SCIENTIFIC REALISM: the view that the subject matter of scientific research and scientific theories exists independently of our knowledge of it, and that the goal of science is the description and explanation of both observable and unobservable aspects of the world. Scientific realism is contrasted with logical empiricism and social constructivism.

(pp. 26, 237, 501, 562-563, 588, 655-567, 702, 751-752, 821)

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Re: Is Theravada "Realist"?

Postby daverupa » Thu Sep 22, 2011 4:32 pm

The Stanford Encyclopedia of Philosophy has an entry on Realism, of which I wish to highlight the following:

The question of the nature and plausibility of realism arises with respect to a large number of subject matters, including ethics, aesthetics, causation, modality, science, mathematics, semantics, and the everyday world of macroscopic material objects and their properties. Although it would be possible to accept (or reject) realism across the board, it is more common for philosophers to be selectively realist or non-realist about various topics: thus it would be perfectly possible to be a realist about the everyday world of macroscopic objects and their properties, but a non-realist about aesthetic and moral value. In addition, it is misleading to think that there is a straightforward and clear-cut choice between being a realist and a non-realist about a particular subject matter. It is rather the case that one can be more-or-less realist about a particular subject matter. Also, there are many different forms that realism and non-realism can take. The question of the nature and plausibility of realism is so controversial that no brief account of it will satisfy all those with a stake in the debates between realists and non-realists.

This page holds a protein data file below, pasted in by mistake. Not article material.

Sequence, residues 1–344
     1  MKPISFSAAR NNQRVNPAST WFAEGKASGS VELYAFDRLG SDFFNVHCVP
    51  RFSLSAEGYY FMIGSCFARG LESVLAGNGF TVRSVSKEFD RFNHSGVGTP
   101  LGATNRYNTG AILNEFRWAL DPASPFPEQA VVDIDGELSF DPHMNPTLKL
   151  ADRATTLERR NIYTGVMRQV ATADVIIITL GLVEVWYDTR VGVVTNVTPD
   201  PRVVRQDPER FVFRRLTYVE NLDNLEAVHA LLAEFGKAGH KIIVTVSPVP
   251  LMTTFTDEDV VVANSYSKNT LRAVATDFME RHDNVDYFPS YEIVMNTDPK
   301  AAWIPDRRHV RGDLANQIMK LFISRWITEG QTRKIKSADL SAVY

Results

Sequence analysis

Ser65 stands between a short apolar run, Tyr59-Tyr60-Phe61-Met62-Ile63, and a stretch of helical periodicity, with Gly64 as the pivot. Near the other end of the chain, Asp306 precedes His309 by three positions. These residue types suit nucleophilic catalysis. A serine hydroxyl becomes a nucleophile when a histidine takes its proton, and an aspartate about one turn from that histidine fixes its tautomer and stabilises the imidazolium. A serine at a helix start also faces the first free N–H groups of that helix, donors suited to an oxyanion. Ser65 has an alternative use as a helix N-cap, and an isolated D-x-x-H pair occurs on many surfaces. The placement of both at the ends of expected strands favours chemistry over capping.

Therefore I declare the founding question of this thread to be overly broad, a lack of specificity that as yet hinders this discussion.
    "And how is it, bhikkhus, that by protecting oneself one protects others? By the pursuit, development, and cultivation of the four establishments of mindfulness. It is in such a way that by protecting oneself one protects others.

    "And how is it, bhikkhus, that by protecting others one protects oneself? By patience, harmlessness, goodwill, and sympathy. It is in such a way that by protecting others one protects oneself.
- Sedaka Sutta [SN 47.19]

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Re: Is Theravada "Realist"?

Postby alan » Fri Sep 23, 2011 5:09 am

Or, you could take the middle path. From ignorance comes fabrications. I think there is something in the suttas about that. I saw it a few times.

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Re: Is Theravada "Realist"?

Postby Akuma » Fri Sep 23, 2011 5:30 am

Sylvester wrote:All this talk about the so-called "holes" in Early Buddhism leads me to wonder if the "holes" are subjective to the thinker.
"Subjective" insofar as the scholar pre-occupied with trying to account for effects that seem to be unmediated by something already goes beyond, by assuming as a zeroth premise that the Buddha was interested in that "something".


In which case you would - if asked - have to admit that either the Buddha or school xyz didnt answer a question or wasnt interested in a certain subject. And this was exactly what I'm saying, namely that there might not be an exact answer to the question of Realism or to other things - which I called holes - and therefore to be truthful to the school you have to just admit that.

You don't see theoretical physicists grieving like Sarvastivadins or Yogacarins in an attempt to find a mediator for the peculiar effects of Quantum Entanglement. If it works mathematically and is demonstrated empirically, why assume that a mediator is required?
Even if a mediator is required, why assume that the mediator is limited by one's imagination and limited familiarity with the laws of the universe?